Saddiqi’s ongoing communications with Muslim Community has resulted in ‘no serious issues’

Tom Kennedy

Officer Muzaffar Siddiqi established a police communications relationship with Houston’s growing Muslim community in the year 2000, even prior to 9-Eleven, a tragic event that prompted a growing awareness of the religion and its practices.

Today Siddiqi is but one of the department’s full-time community liaison officers who develop sources and lines of communications to hopefully prevent the most dreadful conditions in the wake of a major tragic event – miscommunications and misunderstandings.

Siddiqi keeps close tabs on leaders of immigrants from Midwestern and south Asian countries, including India, Iran, Turkey, Pakistan, Saudi Arabia, Sri Lanka, Bangladesh and Qatar. He estimates their numbers to be between 250,000 and 300,000.

He recently told the Badge & Gun that he estimates that about 30 Houston police officers practice the Muslim faith.

Siddiqi feels confident that if any suspicious characters with long rifles, bombs or other dangerous weapons were known in a Houston Muslim community, the community leaders would know what action to take.

“They would call 911 right away or call me,” he said with the confidence of someone who has built – and continues to build – relationships that began almost two decades ago. “We meet with the communities regularly,” he said. “I go to a different mosque on a regular basis. They (Muslim leaders) know the city is with them. There is good communications between the department and the community.

“It is one of the best community relationships we have.”

Siddiqi reported that the Vera Institute of Justice in New York had recognized that HPD has one of the best relationships with the Muslim community among the nation’s big-city departments.

The officer, much lauded over the years for his work, cited the fact that he has had 100 percent support from the department and each of its chiefs since the community relationship began.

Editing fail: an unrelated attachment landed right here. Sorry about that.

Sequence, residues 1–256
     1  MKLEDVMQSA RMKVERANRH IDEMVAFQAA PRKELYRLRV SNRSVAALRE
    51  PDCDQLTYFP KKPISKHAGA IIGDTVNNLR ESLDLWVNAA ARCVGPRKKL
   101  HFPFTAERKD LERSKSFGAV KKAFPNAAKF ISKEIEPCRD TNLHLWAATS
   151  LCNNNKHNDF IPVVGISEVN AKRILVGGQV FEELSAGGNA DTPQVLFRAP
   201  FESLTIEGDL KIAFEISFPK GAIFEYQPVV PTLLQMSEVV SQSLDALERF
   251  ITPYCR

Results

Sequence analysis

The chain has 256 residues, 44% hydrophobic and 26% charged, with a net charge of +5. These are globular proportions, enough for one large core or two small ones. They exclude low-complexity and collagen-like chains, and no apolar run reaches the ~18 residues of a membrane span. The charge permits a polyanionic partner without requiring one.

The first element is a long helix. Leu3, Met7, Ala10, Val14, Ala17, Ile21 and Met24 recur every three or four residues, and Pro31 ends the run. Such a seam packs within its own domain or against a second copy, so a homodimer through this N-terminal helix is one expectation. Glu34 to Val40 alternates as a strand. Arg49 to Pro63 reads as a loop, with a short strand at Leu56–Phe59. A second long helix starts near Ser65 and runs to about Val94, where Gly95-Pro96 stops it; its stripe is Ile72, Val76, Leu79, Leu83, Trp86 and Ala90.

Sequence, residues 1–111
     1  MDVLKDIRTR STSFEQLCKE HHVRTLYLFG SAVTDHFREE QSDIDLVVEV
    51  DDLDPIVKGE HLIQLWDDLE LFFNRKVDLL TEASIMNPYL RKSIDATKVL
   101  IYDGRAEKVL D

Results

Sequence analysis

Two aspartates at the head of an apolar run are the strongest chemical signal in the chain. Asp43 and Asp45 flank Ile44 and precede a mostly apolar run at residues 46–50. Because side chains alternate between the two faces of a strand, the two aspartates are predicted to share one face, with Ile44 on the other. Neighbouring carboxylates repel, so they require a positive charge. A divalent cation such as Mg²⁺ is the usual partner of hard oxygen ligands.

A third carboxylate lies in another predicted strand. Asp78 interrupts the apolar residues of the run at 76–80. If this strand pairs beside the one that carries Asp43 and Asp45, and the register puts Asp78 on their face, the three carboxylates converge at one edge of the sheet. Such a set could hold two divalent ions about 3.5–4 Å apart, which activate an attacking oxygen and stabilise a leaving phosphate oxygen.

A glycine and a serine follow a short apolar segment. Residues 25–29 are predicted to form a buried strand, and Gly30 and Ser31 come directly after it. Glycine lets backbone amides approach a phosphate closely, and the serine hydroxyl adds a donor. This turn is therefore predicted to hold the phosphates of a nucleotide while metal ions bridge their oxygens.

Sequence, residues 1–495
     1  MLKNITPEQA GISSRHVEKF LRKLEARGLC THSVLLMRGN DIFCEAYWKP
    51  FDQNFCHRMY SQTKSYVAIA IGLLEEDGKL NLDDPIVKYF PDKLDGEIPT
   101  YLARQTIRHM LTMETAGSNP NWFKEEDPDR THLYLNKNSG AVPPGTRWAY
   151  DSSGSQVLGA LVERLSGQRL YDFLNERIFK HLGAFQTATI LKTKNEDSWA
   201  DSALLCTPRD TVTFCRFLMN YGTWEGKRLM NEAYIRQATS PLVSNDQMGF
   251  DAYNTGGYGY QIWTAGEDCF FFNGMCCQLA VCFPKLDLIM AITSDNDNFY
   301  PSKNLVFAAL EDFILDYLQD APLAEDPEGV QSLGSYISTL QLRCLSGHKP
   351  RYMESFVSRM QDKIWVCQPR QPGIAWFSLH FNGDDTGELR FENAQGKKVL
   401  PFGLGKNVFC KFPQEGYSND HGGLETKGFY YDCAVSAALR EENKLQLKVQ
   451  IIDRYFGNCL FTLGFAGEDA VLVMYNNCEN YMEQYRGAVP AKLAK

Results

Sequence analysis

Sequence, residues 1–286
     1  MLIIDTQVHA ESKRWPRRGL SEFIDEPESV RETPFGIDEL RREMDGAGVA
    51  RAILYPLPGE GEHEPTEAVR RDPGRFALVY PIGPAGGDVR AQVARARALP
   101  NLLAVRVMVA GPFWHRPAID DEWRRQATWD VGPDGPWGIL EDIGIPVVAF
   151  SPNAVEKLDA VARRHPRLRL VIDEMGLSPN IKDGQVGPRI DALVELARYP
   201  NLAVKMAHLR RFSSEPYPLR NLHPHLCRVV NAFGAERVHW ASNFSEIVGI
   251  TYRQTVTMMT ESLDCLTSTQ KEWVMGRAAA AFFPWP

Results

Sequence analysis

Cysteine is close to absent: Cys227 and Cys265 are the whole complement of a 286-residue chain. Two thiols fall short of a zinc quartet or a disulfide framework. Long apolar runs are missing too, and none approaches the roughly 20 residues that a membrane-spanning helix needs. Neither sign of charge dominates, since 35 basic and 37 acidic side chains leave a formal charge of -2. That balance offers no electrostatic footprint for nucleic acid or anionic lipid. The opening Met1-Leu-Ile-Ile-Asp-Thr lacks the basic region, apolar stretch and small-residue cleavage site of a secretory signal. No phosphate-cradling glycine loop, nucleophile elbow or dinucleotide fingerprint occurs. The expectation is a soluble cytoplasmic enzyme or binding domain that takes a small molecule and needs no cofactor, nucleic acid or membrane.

He said recently retired Chief Charles McClelland intensified the department’s effort to learn more about the Muslim community and met with community leaders on site as often as his schedule would allow. It was McClelland, Siddiqi said, who initiated the community bus tours for police cadets as part of the academy’s curriculum.

The officer explained that there are many meeting venues, such as the multi-culture center on Hillcroft and the Chinese Community Center, just to name a few, where he, other officers and command staff members have been to community meetings.

Another source of pride for this special liaison officer is the fact that HPD is the only department in the world with crime prevention handbooks in 15 different languages, a project he initiated almost 10 years ago.

Today, Siddiqi reports that “there’s no issue” between Houston police and the Bayou City’s Muslim community – “not a major issue, thank God. There was a concern when the open carry law went into effect.”

“Chief Dirden talked to the leadership and we talked about open carry. It’s an example of addressing any issue right away. That’s why we don’t have any kind of issue right now with the Muslim community.”